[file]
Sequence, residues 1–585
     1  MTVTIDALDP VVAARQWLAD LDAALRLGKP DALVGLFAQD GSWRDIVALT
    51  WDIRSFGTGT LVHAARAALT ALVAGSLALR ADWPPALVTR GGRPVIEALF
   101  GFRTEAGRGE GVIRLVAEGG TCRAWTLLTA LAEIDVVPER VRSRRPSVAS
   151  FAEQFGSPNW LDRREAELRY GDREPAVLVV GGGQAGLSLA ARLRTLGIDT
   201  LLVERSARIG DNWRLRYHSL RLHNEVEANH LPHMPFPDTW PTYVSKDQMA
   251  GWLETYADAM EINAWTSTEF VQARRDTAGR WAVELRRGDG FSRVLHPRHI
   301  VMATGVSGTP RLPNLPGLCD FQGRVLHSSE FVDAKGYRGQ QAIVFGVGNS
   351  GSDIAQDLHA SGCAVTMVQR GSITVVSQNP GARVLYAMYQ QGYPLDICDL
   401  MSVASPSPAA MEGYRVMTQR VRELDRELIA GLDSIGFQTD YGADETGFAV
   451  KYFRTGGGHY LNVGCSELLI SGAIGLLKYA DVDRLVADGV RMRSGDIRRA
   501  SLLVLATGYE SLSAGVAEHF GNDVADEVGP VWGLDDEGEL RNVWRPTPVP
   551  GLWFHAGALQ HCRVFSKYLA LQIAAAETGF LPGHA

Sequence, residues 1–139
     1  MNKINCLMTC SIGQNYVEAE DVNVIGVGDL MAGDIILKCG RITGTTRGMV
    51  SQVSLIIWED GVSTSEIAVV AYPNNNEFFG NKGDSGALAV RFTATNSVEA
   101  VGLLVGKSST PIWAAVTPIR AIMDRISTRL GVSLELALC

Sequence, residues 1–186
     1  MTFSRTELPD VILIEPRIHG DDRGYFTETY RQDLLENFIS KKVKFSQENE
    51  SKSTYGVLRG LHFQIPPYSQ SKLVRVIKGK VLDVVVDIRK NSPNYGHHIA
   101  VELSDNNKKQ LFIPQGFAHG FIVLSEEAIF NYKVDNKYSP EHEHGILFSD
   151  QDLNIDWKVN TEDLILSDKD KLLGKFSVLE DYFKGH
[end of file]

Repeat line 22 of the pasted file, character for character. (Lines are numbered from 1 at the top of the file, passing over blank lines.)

   151  QDLNIDWKVN TEDLILSDKD KLLGKFSVLE DYFKGH